Spinalonga is a small island near Elounda in East Crete. Spinalonga is also known as the Leper Island, as that is where lepers from Crete and the rest of Greece were quarantined until 1957.
Today thousands of tourists visit Spinalonga each summer by boat from Agios Nikolaos, Elounda and Plaka, for a tour of its ruined buildings, which the Archaeological Service is laboriously trying to maintain.
According to the data for 2009, Spinalonga has 1200-1500 visitors daily during the summer months and is the most popular archaeological site in Crete after Knossos.
The strategic position of the rocky islet for the control and defence of Elounda harbour could not but mark Spinalonga with a turbulent history of fierce battles and much human suffering.
The name Spinalonga
Today the name Spinalonga is only applied to the islet, but the Venetians used it to include the large peninsula of Nissi or Kolokytha, which is connected to Elounda by a narrow isthmus.
Apparently Kolokytha used to be joined to Spinalonga (which is why it shared the same name), but in 1526 the Venetians cut a canal between the two, forming this small island.
This information comes from the Venetian cartographer Vincenzo Coronelli, but it may not be true. However, the islet is only 170 metres from Kolokytha and the water is shallow, so perhaps the Venetians did indeed carry out this project to form an impregnable island fortress.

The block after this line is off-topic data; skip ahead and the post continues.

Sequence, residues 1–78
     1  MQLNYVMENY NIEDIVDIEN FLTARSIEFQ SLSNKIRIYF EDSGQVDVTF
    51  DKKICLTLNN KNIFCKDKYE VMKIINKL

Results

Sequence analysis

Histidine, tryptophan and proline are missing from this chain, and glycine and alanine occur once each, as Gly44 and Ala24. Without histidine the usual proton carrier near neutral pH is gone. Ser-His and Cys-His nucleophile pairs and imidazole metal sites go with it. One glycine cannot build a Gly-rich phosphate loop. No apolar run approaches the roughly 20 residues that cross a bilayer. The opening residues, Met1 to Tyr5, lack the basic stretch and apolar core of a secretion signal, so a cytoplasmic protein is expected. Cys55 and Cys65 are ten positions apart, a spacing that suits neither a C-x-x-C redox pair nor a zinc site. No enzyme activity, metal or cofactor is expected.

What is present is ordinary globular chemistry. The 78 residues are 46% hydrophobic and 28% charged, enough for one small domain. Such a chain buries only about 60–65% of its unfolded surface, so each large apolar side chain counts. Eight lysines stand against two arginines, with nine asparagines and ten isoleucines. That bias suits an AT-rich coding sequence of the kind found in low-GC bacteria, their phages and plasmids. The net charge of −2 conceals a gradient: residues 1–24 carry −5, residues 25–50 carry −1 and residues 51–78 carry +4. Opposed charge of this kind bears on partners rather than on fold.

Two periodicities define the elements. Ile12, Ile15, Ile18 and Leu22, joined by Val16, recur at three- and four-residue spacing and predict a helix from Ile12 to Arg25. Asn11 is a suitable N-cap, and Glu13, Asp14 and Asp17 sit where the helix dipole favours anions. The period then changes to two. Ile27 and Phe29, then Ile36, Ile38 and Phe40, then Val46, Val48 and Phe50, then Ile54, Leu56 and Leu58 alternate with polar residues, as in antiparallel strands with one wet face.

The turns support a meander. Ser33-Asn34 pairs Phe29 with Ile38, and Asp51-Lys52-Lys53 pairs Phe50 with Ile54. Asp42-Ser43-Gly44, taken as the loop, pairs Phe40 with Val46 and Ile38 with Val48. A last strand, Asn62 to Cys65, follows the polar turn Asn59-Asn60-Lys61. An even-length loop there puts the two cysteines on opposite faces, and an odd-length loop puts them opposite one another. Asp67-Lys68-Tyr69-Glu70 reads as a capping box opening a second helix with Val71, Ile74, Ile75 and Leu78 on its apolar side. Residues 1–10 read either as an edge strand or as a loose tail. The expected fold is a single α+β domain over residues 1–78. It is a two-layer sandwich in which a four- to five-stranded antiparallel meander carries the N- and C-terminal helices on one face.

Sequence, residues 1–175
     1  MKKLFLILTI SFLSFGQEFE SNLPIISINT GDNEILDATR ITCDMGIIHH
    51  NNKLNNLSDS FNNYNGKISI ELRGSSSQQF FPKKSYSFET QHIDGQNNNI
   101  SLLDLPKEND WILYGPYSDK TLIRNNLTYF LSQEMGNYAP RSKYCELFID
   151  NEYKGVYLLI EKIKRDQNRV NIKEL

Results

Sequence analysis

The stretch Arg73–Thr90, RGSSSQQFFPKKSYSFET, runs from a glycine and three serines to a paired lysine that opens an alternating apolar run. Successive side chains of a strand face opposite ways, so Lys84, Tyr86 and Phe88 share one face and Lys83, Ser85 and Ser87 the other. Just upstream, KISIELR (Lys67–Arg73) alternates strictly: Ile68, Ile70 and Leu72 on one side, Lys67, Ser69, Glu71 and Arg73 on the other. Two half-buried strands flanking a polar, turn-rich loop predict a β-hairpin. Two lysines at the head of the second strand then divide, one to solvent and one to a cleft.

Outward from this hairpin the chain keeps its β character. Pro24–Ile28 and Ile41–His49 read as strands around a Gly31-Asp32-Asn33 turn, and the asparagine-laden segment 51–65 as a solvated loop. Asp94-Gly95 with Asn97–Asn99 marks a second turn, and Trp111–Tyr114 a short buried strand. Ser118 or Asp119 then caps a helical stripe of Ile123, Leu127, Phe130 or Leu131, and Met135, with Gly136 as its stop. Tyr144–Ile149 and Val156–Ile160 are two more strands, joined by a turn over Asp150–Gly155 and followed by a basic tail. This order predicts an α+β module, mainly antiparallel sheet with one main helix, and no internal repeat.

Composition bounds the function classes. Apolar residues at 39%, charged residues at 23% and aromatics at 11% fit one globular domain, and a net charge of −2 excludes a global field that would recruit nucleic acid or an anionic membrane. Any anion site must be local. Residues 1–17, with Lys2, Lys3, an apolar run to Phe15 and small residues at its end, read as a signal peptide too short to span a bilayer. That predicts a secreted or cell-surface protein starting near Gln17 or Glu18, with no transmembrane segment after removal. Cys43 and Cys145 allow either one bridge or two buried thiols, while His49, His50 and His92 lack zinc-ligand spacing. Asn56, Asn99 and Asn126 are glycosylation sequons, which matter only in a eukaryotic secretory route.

The name Spinalonga appeared around the 13th century, bestowed by the Venetian conquerors, who, unfamiliar with Greek, corrupted the place-name “Stin Olounda” (“at Olounda”), originally to Spinalonde (13th century) and later to Spinalonga. It is no coincidence that the small island of Giudecca near Venice was also known as Spinalonga.
According to another interpretation the name of the island is derived from its shape, like a long thorn (spina longa), but this theory is not widely held.
Much later, in 1957, another name, Kalydon, was proposed for the island, in an unsuccessful attempt to replace the Latinate Spinalonga with a Greek name.
How to get to Spinalonga
To get to Spinalonga you must take the boat from Agios Nikolaos, Elounda or Plaka.
Boats depart from Agios Nikolaos in the morning. Apart from the trip to Spinalonga, they also offer lunch and the opportunity for a swim off the beaches behind the Kolokytha Peninsula, before returning to Agios Nikolaos in the afternoon.
From Elounda harbour, there is a boat to Spinalonga every 30 minutes throughout the summer. It takes about 15-20 minutes to reach the island, while the sea voyage sometimes includes a sail around the Kolokytha Peninsula.
There are also boats from the little village of Plaka just north of Elounda. The trip from here is shorter, taking about 10 minutes, as Plaka is directly opposite Spinalonga.
Prices for the boat trip to Spinalonga in 2010:
From Agios Nikolaos to Spinalonga: 18-20 € per person
From Elounda to Spinalonga: 10€ per person for adults | 5€ for children of 5-11 years old
From Plaka to Spinalonga: 8 € per person
This price does not include the cost of the entrance ticket to the Spinalonga archaeological site, which was 2 € in 2010
There are no scheduled boat trips to Spinalonga in the winter, and you will have to find a boat owner to take you across. This shouldn’t be too difficult - just ask at the seafront tavernas in Plaka, as most people have their own boats for pleasure and fishing.
If you visit Spinalonga outside the tourist season, the chances are you won’t meet anyone except the archaeological team working there. In summer, on the other hand, apart from the floods of tourists, there are also tour guides offering their reasonably-priced services to individual tourists.